Module 3: Prototyping, Testing & Experimentation
Why should you use this method?
- Plan and summarize experiments with your team
- Present and share your experimentation plan
How can you apply this method?
1. Analyze your learning goal
With your team, you analyze the solution or idea you came up with. Start a discussion to define your key function and set your learning goal. The Innovator's Hypothesis is a great template to visually connect the pain point and intended impact of your idea.
2. Define metrics
The next step is to define your metrics. What will you measure with your experiment, what data do you need to support your hypothesis with? You might have to go back and forth between the metrics and your experiment plan. Defining the metrics also includes an invalidation criteria, which means your initial hypothesis is wrong, and an early stop condition to avoid time and money wasted.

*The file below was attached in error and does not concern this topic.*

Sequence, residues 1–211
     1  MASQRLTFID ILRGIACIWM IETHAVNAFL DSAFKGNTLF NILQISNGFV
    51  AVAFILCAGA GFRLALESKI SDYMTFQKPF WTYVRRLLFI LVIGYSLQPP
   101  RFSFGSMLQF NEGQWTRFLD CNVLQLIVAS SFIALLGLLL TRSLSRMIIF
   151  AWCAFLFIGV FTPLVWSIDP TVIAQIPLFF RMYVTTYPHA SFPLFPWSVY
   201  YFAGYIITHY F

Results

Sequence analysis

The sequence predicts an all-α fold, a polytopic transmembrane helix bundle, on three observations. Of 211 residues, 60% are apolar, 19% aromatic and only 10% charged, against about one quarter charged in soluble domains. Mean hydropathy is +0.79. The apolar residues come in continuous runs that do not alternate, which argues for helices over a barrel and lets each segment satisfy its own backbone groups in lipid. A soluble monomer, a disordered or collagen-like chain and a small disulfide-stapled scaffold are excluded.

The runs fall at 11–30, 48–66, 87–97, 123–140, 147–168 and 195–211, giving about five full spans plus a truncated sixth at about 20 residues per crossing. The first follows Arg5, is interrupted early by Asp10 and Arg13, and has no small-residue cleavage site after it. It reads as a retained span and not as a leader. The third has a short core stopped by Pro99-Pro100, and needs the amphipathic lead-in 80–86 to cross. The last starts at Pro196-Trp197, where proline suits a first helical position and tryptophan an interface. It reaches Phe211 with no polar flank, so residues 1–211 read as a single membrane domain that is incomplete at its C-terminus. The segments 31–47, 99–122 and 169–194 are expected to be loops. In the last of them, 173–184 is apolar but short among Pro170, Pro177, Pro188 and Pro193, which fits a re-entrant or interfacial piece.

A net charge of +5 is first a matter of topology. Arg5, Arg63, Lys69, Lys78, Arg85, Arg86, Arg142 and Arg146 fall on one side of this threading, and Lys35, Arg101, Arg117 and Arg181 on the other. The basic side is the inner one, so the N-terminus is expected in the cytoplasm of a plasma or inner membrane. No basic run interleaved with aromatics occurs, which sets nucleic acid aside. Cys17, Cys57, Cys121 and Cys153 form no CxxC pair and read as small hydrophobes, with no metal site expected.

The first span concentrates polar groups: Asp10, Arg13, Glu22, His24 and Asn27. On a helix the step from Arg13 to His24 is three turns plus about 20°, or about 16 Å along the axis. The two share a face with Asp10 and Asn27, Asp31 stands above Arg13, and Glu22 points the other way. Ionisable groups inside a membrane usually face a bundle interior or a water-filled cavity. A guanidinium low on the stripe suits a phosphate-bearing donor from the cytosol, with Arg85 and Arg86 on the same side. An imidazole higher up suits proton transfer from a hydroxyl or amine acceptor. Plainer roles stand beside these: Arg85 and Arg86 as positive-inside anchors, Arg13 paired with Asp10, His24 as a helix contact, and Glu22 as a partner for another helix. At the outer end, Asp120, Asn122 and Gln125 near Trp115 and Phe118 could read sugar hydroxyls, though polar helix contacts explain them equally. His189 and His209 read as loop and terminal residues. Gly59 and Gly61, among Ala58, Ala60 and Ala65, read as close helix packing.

3. Set up an experiment plan
What actions are you going to take to test your hypothesis? You can get inspired by the list of interactive prototypes, or come up with your own experiment setup. Remember: you are not trying to build your idea but generate data. The experiment you design might not look like your solution at all, but it should generate data to test this solution and the assumptions behind it.
To validate and test your idea, you should not only rely on one single experiment. Continue to collect data and plan further experiments!
Execute and evaluate your experiment! You should start by collecting insights and feedback and evaluate your experiments to make sense of your data and iterate your solution.
Remember, experiments are always about learning. Even if you did not validate your hypothesis, you collected valuable data to support your future actions and decision making.